Art Fix Friday: June 17, 2022

Blog Category:  Art Fix Friday
A black-and-white photograph of a light-skinned adult woman holding a newspaper with news about World War II. She wears a coat and her short, curly hair is caught in the wind.

The first-ever public sculpture depicting a nude, openly trans woman was unveiled at this year’s Art Basel. Designed by American trans artist Puppies Puppies (a.k.a. Jade Guanaro Kuriki-Olivo), the work is a life-sized bronze statue in the tradition of classical sculpture, based on a 3D scan of the artist’s body. Written on the work’s plinth is the word: “woman.”

A sculpture of a trans woman in the style of ancient Greek statuary stands in the pedestrian zone of Basel. The sculpture is on a pedestal that says “Woman” and has a weathered look.
The bronze self-portrait by Puppies Puppies; Photo by Vincent Blebois; Courtesy of Balice Hertling, Barbara Weiss, Francesca Pia, and Hannah Hoffmann

Kuriki-Olivo said, “I realized that hiding in complete anonymity meant something different as a trans woman of color. I needed to overcome the fear and fight the fight through my art, life, and activism. I want a future generation to see what’s possible. I want to honor the brave ‘transcestors’ who were visible in times when the laws forbid us from existing.” In addition to the statue, Kuriki-Olivo will also be performing at Art Basel: She is reenacting Ana Mendieta’s 1973 performance Untitled (Rape), in which Mendieta used her own body to stage the aftermath of a rape.

Front-Page Femmes

At Art Basel, Hauser & Wirth sold a 1996 steel version of Louise Bourgeois’s iconic Spider sculpture for $40 million—a new record for the artist.

Dr. Tiffany E. Barber won this year’s National Portrait Gallery Director’s Essay Prize, which fosters leading research in the field of visual biography and American portraiture, for her essay “Narcissister, a Truly Kinky Artist.”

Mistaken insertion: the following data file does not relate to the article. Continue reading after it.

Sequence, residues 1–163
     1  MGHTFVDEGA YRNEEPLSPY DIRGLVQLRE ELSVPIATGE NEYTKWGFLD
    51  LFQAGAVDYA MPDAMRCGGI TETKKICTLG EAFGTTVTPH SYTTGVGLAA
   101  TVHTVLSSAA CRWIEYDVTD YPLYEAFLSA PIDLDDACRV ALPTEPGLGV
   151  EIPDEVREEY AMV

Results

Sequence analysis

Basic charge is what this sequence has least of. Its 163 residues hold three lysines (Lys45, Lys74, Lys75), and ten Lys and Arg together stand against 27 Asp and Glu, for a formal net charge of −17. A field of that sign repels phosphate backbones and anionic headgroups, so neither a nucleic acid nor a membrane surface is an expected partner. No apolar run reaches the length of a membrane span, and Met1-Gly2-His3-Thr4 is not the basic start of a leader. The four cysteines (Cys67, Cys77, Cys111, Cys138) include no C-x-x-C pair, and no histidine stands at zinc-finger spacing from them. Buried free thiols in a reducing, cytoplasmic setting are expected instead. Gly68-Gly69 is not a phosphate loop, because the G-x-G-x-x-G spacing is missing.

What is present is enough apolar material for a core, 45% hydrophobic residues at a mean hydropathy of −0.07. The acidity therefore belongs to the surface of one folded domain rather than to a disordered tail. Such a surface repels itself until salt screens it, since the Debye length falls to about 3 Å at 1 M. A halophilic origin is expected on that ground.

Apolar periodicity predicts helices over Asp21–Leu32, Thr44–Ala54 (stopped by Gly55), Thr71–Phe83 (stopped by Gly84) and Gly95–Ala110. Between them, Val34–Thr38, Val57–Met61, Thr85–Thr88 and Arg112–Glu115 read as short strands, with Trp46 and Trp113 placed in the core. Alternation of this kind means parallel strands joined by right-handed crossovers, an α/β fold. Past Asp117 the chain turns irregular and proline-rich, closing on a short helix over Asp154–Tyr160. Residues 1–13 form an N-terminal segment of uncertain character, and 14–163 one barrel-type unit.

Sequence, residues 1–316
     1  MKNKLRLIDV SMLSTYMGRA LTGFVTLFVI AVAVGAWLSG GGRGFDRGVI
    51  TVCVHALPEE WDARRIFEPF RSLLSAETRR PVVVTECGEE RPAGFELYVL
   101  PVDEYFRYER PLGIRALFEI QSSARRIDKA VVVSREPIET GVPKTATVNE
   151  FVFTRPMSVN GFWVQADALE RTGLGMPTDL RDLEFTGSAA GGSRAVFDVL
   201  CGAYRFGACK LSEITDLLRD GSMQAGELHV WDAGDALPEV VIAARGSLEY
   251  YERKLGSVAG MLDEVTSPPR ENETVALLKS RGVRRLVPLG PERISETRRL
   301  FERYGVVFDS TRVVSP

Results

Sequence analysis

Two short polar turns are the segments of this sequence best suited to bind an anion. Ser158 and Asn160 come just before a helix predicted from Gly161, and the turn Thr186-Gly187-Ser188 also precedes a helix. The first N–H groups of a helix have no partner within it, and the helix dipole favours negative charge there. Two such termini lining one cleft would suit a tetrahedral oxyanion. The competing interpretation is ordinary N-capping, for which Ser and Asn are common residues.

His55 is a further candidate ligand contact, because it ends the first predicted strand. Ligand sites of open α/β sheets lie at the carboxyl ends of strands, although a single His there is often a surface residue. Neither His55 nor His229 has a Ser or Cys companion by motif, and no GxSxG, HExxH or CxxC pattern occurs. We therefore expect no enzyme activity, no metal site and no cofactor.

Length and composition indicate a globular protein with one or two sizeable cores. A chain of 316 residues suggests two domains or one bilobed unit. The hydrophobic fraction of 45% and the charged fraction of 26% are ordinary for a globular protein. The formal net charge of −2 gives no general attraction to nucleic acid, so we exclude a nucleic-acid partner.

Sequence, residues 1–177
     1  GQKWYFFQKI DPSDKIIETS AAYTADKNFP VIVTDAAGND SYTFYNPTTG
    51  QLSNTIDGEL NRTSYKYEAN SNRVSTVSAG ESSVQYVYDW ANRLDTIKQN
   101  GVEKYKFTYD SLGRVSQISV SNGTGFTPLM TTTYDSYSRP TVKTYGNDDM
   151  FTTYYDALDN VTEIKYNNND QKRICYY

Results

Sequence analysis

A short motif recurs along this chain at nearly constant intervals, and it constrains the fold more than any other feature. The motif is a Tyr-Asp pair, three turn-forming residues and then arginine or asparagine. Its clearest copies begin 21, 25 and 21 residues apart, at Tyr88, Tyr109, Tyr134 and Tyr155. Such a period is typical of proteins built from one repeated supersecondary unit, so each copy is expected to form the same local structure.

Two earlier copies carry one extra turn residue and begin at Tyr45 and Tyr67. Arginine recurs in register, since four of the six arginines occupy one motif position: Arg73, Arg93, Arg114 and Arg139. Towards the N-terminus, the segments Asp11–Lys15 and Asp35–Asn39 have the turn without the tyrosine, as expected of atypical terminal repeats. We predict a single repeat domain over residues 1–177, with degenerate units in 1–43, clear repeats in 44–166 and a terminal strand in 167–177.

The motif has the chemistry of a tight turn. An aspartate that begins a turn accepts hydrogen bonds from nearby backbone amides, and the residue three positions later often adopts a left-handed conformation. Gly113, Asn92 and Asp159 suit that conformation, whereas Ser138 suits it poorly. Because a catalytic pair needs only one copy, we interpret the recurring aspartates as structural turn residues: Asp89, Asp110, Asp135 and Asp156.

Hyperallergic reviews the abstract works of Vivian Browne, artist, activist, and founding member of the Black Emergency Cultural Coalition.

Paris Hilton has gifted the Los Angeles County Museum of Art an acquisition fund for acquiring digital works by women artists.

Frieze reviews Laurie Anderson: The Weather, a retrospective of the artist’s multidisciplinary works at Washington, D.C.‘s Hirshhorn Museum.

Hyperallergic visits sculptor Jillian Conrad in her studio, drawing comparisons to fellow contemporary sculptors. 

 A black and white film still of a woman who sits on a white horse and holds a white flag. She is on a field surrounded by trees, and her all-black outfit contrasts the horse and flag.
A new NFT by Marina Abramović is based on her 2001 work The Hero, part of NMWA’s collection; Photo courtesy of Circa

ARTnews interviews Marina Abramović about the launch of her first-ever NFT based on one of her most personal performance pieces.

Chicago-based architect and artist Amanda Williams explores the way that color shapes our world in her new solo exhibition CANDYLADYBLACK at Gagosian. 

Another reviews Penny Goring’s Penny World, an exploration of the artist’s 30-year multidisciplinary career, currently on view at London‘s Institute of Contemporary Art.

Hyperallergic reviews Hanne Darboven’s exhibition Six Books on 1968, a cinematic rendering of the artist’s book-based work in which she employed an original method of marking time in the tumultuous year of 1968. 

Shows We Want to See

The Guggenheim presents Cecilia Vicuña: Spin Spin Triangulene, the first solo exhibition in a New York museum for the pioneering Chilean artist, poet, activist, and filmmaker. In her works, the artist explores themes of memory, language, science, and Indigenous spirituality and knowledge. On view through September 5, 2022.

A photograph of a woman with a medium skin tone who wears an all-white outfit and stands before a cornfield. She wears a white astronaut’s helmet which gives the scene a futuristic quality.
Tourmaline‘s Coral Haistreak (2020) is on view in 52 Artists: A Feminist Milestone; Courtesy of the artist and Chapter NY, New York; Photo by Dario Lasgni

52 Artists: A Feminist Milestone at the Aldrich Contemporary Art Museum celebrates the 51st anniversary of the historic exhibition Twenty Six Contemporary Women Artists, curated by Lucy R. Lippard and presented at the Aldrich in 1971. This exhibition includes the original 26 artists as well as 26 emerging artists who “reflect the revolutionary advancement of feminist art practices.” On view through January 8, 2023.

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